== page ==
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Re: Why Gender Essentialism is Wrong-Headed

Post by Shawn » 07 Feb 2014, 13:19

Joni wrote: According to the FP, my husband is supposed to 'preside' over our family, yet neither he nor I have a working definition of what that actually *means.* From what I can tell, presiding means that my husband picks who says the prayer at the dinner table...
I found some general information:
A father is the presiding authority in his family. On this earth your initial experience of being a father of a family gives you opportunities to learn to govern with love and patience, and with your wife to teach each of your children correct principles, to prepare them to become proper fathers and mothers...

Fatherhood is leadership, the most important kind of leadership. It has always been so; it always will be so. Father, with the assistance and counsel and encouragement of your eternal companion, you preside in the home. It is not a matter of whether you are most worthy or best qualified, but it is a matter of law and appointment. You preside at the meal table, at family prayer. You preside at family home evening; and as guided by the Spirit of the Lord, you see that your children are taught correct principles. It is your place to give direction relating to all of family life.

You give father’s blessings. You take an active part in establishing family rules and discipline. As a leader in your home you plan and sacrifice to achieve the blessing of a unified and happy family. To do all of this requires that you live a family-centered life...

You prepare your family and each member in the family to serve their fellowman, to build the kingdom of God on earth. You conscientiously provide for their material well-being. In the family you learn to govern righteously. You teach your family generally and each child individually the doctrines of the kingdom...

“I repeat that plea to all fathers. Yours is the basic and inescapable responsibility to stand as head of the family. That does not carry with it any implication of dictatorship or unrighteous dominion. It carries with it a mandate that fathers provide for the needs of their families. Those needs are more than food, clothing, and shelter. Those needs include righteous direction and the teaching, by example as well as precept, of basic principles of honesty, integrity, service, respect for the rights of others, and an understanding that we are accountable for that which we do in this life” (Gordon B. Hinckley, “Bring Up a Child in the Way He Should Go,” Ensign, Nov. 1993, 60).

“In the home it is a partnership with husband and wife equally yoked together, sharing in decisions, always working together. While the husband, the father, has responsibility to provide worthy and inspired leadership, his wife is neither behind him nor ahead of him but at his side” (Boyd K. Packer, “The Relief Society,” Ensign, May 1998, 73).
"Father, Consider Your Ways"
I don't think it is supposed to be defined more specifically than that, so you are right about choosing to define it within your marriage. Same thing with nurturing.

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Re: Why Gender Essentialism is Wrong-Headed

Post by Curt Sunshine » 07 Feb 2014, 14:09

I think we sometimes forget that there are lots of places in the world where men are pretty much absent in the home - where the concepts of providing, nurturing and even presiding are foreign and counter-cultural. I've worked in some of those places even here in the United States, so I get intellectually a call for men to shoulder the responsibilities of parenthood and not be just baby daddies - whether married or not.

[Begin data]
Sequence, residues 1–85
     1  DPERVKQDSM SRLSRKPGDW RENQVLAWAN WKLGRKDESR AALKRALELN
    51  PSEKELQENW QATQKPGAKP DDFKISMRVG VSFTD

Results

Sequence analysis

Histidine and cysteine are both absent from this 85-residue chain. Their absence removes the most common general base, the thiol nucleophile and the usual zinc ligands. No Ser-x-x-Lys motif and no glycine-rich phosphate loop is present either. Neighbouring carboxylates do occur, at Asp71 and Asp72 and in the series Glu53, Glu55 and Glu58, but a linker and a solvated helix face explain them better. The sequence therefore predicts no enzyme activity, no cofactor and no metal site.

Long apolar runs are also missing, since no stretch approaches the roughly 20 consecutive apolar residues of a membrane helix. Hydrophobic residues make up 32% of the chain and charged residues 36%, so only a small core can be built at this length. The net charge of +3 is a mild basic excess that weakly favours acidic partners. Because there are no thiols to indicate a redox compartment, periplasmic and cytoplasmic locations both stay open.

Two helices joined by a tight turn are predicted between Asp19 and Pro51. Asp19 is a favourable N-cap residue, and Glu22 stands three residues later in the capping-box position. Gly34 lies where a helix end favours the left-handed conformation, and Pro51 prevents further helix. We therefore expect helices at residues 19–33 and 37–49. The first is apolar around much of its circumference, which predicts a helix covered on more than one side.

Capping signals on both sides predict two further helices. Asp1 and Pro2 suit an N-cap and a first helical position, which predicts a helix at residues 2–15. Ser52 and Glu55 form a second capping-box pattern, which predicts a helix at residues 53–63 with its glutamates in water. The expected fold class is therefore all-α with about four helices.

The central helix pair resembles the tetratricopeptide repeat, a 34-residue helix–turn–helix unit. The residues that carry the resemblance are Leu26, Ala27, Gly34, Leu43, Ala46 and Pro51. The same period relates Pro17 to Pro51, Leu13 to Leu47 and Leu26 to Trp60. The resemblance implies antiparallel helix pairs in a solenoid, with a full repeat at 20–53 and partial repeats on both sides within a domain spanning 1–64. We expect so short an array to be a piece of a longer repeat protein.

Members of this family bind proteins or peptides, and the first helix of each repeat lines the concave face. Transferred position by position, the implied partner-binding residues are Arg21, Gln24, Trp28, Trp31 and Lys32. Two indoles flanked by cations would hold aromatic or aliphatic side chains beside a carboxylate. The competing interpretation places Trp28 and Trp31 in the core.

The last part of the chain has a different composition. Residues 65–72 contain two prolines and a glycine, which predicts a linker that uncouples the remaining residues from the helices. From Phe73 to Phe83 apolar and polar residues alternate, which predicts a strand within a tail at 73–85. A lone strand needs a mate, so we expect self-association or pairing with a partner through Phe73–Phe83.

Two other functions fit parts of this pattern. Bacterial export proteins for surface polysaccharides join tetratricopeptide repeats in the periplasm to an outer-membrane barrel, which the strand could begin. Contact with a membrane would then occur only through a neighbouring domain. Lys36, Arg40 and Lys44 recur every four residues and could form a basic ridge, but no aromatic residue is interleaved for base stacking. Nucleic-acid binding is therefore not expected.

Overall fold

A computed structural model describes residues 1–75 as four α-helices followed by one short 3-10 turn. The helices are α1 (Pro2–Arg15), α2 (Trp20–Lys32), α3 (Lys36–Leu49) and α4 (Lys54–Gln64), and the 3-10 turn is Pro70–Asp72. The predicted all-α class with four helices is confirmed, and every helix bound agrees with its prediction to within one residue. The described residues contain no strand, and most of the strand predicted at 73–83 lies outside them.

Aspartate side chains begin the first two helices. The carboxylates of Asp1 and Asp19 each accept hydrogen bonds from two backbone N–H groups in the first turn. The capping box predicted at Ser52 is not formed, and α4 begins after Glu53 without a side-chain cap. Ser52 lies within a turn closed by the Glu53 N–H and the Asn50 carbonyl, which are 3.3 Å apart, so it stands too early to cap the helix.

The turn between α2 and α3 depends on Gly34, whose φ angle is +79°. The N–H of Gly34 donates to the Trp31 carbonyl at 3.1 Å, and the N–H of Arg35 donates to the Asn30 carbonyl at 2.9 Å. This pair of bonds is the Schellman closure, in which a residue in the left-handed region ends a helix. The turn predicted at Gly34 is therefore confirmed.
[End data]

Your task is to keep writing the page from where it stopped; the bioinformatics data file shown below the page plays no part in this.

Having said that, I agree that such a message is more like the Law of Moses than the ideal / Law of Christ.
I see through my glass, darkly - as I play my saxophone in harmony with the other instruments in God's orchestra. (h/t Elder Joseph Wirthlin)

Even if people view many things differently, the core Gospel principles (LOVE; belief in the unseen but hoped; self-reflective change; symbolic cleansing; striving to recognize the will of the divine; never giving up) are universal.

"For every complex problem there is an answer that is clear, simple, and wrong." H. L. Mencken

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Re: Why Gender Essentialism is Wrong-Headed

Post by hawkgrrrl » 07 Feb 2014, 14:30

the proclamation doesn't seem too strict
So you view it as prescriptive, telling people what they are required to do. Some view it as descriptive, stating how things are. It seems that the church wants it to be both. The problem with that is that if it is descriptive, then you don't have to tell people what to do; they already do that. And if it's not descriptive, you are telling them to be how they are not. As Ray pointed out, we can't be neglectful (either men or women), but the notion that women are basically dependents and subordinates to men is simply not how egalitarian marriages work these days. And if men can only participate because their tender egos are stroked, that's also a pretty damning statement toward men.

For me, it's largely irrelevant. It fails to describe me, my life, or my feelings, all things I couldn't change if I saw the point, which I don't. So I (like many women I know) consider myself an exception, able to adapt. If that adaptation is unnecessary for someone because the Proc fits them, then the Proc also fails to benefit them because they are doing that naturally anyway. So it's dumb. Just my opinion.

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Re: Why Gender Essentialism is Wrong-Headed

Post by Shawn » 07 Feb 2014, 17:21

hawkgrrrl wrote:
the proclamation doesn't seem too strict
So you view it as prescriptive, telling people what they are required to do. Some view it as descriptive, stating how things are. It seems that the church wants it to be both.
I see it as prescriptive in that it provides general directions, but I don't think it gives exact rules. I see it as descriptive in that it describes the view of the church and its leaders regarding families.

The parts that fit how I am already living are beneficial to me because they affirm what I am doing and strengthen my resolve to continue on that path. Since the language of the proclamation allows for individual adaptation, there doesn't have be to an exact fit.

I don't blame you at all for the view you have on this issue. I wish you peace.
Last edited by Shawn on 22 Jan 2015, 13:04, edited 1 time in total.